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Main Category: Punk/Grunge
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I certainly don't like the Sex Pistols all that much, but Only Solitaire does give me a great chance to take these guys down a peg (as well as stress their - few - merits, to be honest). In a certain way, the Sex Pistols were to all post-1975 music the equivalents of Fifties' rockers to classic Sixties' rock: a band of extreme historical importance that was nevertheless too raw and weak to ever really make it big on the overall musical scale, more of a serious influence on the musical scene than of an unbeatable value in itself. Although even this comparison is very raw - for one, most revered Fifties' rockers had tons more talent than the Pistols, and second, it's a debatable thing that the Pistols' influence has been all that positive. How many worthless hardcore bands have they influenced? Don't even ask me. If not for the Sex Pistols, there would sure have been no Offspring, either...

Anyway, for a band that only put out one complete LP and a bunch of singles, the Pistols are sure overrated. But perhaps the most ironic thing is that the Pistols, for all their rebellion and and fabulous nihilism and vulgarity and the whole 'shock to the system' thing, were actually a marketed band, virtually created, maintained, promoted and distributed by Crook Extraordinaire Malcolm McLaren, who was hip and eccentric only as long as his hipness and eccentricity guaranteed him enough pieces of paper with portraits of British queens and American presidents on 'em. How 'punk' is that? Heh heh.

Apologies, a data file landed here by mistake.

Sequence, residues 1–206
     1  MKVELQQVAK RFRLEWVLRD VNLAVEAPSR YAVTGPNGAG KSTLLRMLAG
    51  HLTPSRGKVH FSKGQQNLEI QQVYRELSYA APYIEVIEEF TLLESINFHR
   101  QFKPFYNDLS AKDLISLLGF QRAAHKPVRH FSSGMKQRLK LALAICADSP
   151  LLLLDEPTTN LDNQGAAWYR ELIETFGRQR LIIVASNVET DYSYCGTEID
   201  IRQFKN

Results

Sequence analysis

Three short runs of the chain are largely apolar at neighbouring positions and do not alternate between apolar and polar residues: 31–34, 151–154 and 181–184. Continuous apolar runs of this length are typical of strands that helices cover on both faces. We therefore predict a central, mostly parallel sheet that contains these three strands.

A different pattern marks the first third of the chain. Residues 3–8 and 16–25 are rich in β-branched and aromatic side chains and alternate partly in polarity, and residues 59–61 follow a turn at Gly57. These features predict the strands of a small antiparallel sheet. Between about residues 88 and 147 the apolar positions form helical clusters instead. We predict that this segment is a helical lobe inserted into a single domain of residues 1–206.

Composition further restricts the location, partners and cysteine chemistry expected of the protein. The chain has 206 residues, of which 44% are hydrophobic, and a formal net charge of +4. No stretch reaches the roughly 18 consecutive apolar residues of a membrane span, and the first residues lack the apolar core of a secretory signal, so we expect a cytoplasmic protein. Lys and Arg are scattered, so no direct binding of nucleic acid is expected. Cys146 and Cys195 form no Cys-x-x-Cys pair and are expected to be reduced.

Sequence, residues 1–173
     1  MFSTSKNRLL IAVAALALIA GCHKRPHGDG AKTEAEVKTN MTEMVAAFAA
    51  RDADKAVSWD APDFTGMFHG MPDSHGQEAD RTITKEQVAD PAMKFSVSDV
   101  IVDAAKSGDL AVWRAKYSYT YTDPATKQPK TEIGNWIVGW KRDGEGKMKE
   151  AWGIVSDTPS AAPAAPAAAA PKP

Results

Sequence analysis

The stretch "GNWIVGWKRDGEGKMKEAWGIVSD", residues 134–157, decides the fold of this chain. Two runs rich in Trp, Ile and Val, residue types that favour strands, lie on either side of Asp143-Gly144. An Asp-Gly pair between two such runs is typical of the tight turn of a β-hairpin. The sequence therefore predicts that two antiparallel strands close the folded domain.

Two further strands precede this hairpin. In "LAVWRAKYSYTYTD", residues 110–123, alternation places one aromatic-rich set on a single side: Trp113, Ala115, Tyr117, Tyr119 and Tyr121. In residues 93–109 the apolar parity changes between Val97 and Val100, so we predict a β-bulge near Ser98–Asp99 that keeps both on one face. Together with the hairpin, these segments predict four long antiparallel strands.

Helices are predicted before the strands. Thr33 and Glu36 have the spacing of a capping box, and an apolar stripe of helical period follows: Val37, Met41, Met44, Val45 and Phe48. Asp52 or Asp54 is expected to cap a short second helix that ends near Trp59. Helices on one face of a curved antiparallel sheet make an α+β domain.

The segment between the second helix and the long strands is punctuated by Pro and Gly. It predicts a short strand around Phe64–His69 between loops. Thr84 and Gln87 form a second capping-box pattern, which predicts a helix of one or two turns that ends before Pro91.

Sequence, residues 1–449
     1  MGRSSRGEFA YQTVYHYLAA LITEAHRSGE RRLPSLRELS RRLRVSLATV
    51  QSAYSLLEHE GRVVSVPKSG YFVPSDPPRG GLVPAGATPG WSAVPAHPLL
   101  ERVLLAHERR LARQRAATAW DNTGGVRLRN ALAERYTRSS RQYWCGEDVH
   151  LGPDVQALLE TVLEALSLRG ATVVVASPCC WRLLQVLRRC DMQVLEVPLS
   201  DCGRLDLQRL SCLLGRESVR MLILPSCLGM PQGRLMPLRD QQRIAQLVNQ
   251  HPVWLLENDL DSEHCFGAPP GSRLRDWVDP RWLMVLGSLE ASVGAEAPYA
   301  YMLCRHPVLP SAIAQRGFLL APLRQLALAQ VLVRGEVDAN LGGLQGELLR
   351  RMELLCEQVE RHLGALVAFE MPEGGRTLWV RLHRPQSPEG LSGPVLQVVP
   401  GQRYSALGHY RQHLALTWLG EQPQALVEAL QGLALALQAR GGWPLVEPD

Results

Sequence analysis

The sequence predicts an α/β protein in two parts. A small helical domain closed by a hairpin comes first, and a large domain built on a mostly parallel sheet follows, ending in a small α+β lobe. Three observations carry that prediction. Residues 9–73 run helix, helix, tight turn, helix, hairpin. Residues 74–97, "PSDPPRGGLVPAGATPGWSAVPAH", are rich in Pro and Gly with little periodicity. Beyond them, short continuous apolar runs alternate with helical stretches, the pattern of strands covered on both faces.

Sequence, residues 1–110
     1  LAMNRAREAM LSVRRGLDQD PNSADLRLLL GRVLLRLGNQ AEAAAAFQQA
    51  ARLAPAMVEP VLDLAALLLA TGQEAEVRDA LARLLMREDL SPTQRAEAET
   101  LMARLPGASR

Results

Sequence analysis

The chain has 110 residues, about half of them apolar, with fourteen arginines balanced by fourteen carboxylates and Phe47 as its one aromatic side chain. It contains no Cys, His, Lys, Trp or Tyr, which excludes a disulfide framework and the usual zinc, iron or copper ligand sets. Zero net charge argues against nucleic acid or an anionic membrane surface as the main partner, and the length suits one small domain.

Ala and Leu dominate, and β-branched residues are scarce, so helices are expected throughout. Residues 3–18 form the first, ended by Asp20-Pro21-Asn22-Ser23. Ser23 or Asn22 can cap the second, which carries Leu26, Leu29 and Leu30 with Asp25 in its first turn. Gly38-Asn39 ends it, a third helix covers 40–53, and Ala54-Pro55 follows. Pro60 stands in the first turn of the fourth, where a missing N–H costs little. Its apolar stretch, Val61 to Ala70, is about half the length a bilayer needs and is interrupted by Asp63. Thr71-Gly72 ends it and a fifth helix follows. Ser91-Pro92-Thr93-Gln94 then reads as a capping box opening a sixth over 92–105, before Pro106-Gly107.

Now I know what you're gonna say: 'Who cares if the Sex Pistols' music was marketed if it was so great and had all that teen angst and portrayed the young man's rebellion against the stiffening economic and political conditions of the time so strikingly well? Marketed band? Gimme more marketed bands like these, please'. Whoah steady there buddy. 1977 was the year of punk - it was a year when punk bands were forming in multitudes, swarms, hoardes and heaps all over the country. The Sex Pistols didn't even show the way: they were just lucky enough to be one of those first outfits to get themselves a recording contract. All of these bands had enough energy in them to capture the necessary teen angst and play the necessary three-chord rock structures. And some actually did it far better than the Sex Pistols - take the Clash, for instance, or the Jam. I'm not a big fan of the Clash either, but put next to that band, the Sex Pistols are just toothless puppies. And frankly speaking, I don't care how many times a punk band inserts the word 'fuck' in their lyrics, or whether these lyrics deal with the condemnation of the British queen or turn to less easily accessible and understandable matters. What I do care about is the musical essence.